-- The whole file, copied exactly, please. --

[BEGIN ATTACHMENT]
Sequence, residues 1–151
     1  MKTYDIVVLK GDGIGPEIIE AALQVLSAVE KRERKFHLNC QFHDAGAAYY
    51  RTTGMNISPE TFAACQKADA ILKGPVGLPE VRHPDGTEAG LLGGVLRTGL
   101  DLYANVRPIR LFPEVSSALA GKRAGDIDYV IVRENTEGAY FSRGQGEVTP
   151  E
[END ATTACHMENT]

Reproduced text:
Sequence, residues 1–151
     1  MKTYDIVVLK GDGIGPEIIE AALQVLSAVE KRERKFHLNC QFHDAGAAYY
    51  RTTGMNISPE TFAACQKADA ILKGPVGLPE VRHPDGTEAG LLGGVLRTGL
   101  DLYANVRPIR LFPEVSSALA GKRAGDIDYV IVRENTEGAY FSRGQGEVTP
   151  E